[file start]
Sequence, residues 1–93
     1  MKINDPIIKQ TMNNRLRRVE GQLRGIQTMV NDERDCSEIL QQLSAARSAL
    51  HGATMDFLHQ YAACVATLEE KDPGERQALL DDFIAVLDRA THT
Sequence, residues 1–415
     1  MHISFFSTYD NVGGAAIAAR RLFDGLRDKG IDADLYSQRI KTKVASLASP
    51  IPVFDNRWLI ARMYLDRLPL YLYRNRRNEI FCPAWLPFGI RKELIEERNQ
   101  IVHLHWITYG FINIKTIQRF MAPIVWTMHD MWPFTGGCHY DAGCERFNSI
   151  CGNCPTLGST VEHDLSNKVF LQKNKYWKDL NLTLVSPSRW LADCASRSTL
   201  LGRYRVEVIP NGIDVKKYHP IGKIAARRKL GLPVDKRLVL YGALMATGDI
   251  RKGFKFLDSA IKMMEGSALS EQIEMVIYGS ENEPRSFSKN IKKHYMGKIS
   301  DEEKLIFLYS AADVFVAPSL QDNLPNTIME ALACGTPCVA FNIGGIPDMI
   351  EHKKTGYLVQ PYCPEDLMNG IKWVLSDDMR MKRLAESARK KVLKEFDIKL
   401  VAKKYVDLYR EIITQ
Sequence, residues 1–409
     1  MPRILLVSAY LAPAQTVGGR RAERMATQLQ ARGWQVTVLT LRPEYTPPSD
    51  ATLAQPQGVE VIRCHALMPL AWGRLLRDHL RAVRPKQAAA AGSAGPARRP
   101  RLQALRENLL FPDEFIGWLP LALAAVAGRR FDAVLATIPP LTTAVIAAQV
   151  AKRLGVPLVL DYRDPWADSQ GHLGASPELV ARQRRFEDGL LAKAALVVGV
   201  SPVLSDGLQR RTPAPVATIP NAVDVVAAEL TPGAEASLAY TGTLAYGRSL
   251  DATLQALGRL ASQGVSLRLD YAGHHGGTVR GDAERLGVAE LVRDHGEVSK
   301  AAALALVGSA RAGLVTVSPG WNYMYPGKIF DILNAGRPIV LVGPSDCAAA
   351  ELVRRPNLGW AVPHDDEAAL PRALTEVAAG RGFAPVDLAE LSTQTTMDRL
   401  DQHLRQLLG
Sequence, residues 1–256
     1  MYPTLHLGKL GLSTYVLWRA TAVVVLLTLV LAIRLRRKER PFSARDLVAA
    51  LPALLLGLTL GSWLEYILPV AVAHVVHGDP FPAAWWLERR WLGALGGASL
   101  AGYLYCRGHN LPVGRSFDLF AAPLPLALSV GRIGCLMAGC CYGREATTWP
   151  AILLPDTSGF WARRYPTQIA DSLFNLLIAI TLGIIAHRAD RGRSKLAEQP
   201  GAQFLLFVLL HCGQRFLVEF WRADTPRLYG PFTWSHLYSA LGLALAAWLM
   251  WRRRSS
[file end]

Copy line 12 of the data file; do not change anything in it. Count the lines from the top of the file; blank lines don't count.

   351  EHKKTGYLVQ PYCPEDLMNG IKWVLSDDMR MKRLAESARK KVLKEFDIKL